Gettysburg Review
Gettysburg College | Gettysburg, Pennsylvania

Fiction

“Benedict”

by Andrew Berthrong

You could say he chose me, although perhaps I was in the mood to be chosen. He came out of nowhere, and I was swept up. But I was concerned about things too: Lola’s recent desertion, the state of my heart, my aching tooth. And so on.

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“Zombies”

by Shannon Robinson

The zombie community is astir with controversy. One faction insists that zombies are mindless creatures who cannot make the traditional moan for “brains.” And that in any case, they don’t crave brains specifically, but the flesh, blood, and organs of any living human. This is what I’ve learned from scrolling through chat boards.

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“Nothing in My Mouth”

by Kim Magowan

The first day, I pace the red-light district, looking for a hotel, my suitcase banging my leg. At noon, sick of carrying it, I open it. My maid-of-honor dress, midnight-blue silk, spills onto the sidewalk. A dress I spent four hundred and fifty dollars on, a dress I will never wear. I stuff it into a garbage can, where it billows out, a bloated flower.

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“The Derrotero Method”

by Emily Nemens

A still-stumbling calf lives a happy life in the high plateaus of La Mancha. After three weeks he is taken from his mother and slaughtered, then skinned by his owner, a grizzled herder who pushes three hundred head around the plains. The herder brings the meat to the butcher, carries the wet hide to a long, low barn at the edge of town, and then washes himself in the river.

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“The Graceless Age”

by Kent Nelson

Anson Hempkin believed in Jesus Christ, and every night, while Faye put the kids to bed, he got down on his knees and prayed to the plastic statue on top of his television set. He prayed his roofing company would prosper, the weather would be good, and Enrique and Pablo would show up for work. He prayed the city council would grant a variance for the megahouse on the bluff, the roof for which he had a contingent contract.

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“God of Ducks”

by Tina Louise Blevins

When he gets off work, he always smells of butter and chicken stock. The smell lives deep inside his skin where soap doesn’t reach, and sometimes he stands on the bathmat still glistening from his shower and looks in the mirror, grips the pale, soft mounds of fat around his stomach and thinks, I look like a dinner roll. I’m a biscuit with a dick.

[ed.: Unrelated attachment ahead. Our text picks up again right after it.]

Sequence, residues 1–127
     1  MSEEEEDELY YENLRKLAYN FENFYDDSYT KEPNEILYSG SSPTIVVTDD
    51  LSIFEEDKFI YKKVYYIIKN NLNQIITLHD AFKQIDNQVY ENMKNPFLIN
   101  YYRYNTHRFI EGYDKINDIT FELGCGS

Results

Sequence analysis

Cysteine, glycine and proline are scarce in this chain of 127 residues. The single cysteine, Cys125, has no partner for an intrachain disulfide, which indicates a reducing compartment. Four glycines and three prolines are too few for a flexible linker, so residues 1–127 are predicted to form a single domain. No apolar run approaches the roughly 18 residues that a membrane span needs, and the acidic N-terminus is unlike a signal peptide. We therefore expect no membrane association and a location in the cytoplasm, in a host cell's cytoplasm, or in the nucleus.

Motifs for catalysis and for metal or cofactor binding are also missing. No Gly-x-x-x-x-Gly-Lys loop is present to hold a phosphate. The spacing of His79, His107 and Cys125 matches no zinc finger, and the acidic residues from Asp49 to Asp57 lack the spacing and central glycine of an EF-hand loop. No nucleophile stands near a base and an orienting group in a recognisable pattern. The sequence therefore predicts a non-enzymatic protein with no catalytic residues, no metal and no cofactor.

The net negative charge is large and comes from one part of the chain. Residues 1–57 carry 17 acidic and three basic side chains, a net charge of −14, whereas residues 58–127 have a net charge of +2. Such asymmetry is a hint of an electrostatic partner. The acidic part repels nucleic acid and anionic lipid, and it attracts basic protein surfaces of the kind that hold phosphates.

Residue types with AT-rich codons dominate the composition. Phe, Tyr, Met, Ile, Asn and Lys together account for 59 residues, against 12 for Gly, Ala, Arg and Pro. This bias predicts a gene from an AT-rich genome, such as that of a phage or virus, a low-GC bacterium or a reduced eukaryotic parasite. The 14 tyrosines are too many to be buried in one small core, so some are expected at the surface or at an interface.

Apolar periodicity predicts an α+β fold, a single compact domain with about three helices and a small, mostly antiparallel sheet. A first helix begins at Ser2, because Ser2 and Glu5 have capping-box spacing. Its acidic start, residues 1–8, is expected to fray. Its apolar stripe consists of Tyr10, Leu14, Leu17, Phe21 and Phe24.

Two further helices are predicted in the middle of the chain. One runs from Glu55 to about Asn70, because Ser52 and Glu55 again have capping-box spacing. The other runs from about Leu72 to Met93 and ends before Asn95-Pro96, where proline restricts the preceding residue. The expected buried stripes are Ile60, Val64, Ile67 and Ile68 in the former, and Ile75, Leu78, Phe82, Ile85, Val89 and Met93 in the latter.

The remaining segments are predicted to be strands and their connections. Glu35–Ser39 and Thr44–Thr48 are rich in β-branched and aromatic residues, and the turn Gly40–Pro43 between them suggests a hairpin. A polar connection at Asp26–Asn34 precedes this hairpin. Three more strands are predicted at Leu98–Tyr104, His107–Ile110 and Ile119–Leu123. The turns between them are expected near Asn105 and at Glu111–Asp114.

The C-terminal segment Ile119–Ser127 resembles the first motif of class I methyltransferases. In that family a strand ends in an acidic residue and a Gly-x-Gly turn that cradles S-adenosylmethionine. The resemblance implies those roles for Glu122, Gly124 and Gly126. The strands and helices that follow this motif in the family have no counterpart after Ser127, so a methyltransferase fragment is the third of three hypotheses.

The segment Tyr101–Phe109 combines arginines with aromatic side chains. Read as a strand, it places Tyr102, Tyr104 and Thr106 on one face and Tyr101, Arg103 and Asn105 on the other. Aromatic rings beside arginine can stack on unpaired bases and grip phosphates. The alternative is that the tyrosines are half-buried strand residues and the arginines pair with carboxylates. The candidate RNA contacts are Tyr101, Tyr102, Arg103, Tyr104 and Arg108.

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“Shooting the Moon”

by Charles Antin

Almost a hundred years after the demise of the Jönköping, I sit on the paint-peeling porch of the Montclair Assisted Living Estate, in the decrepit plastic hammock of my wheelchair, and look out, through the topiaried hedges, past the dogwood trees, across the upper-middleclass wasteland of Upper Montclair, to the northeast, toward Sweden, and slowly and methodically eviscerate Jean in two-person hearts . . .

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“The Muskeg”

by Jay Irwin

Tired and near dead, George Mueller’s head was caught in dreams as if he were still dreaming them. Other things he would not have considered real stood just before him too, but they all existed somehow clearer than his hunger or his exhaustion and not for any reason he could have made plain.

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“The Fourth Wall”

by David Tucholski

There is a stick in the ground with a cardboard sign taped to it. A man, who is not an American but wears one of their uniforms, reads the sign aloud for those who are illiterate: “If you cross this line, you will be shot!”

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“One Act”

by Micah Nathan

Ben first met Charlie Cahill on the train to New York. Charlie was reading a collection of Hemingway stories; he wore a wrinkled suit that showed too much sock, and he gorged himself on a hot dog, oblivious to the ketchup that dripped down his tie. Behind Charlie sat a young mother with her crying child. After ten minutes of wails and screeches, Charlie turned around, dangled his keys, and grinned.

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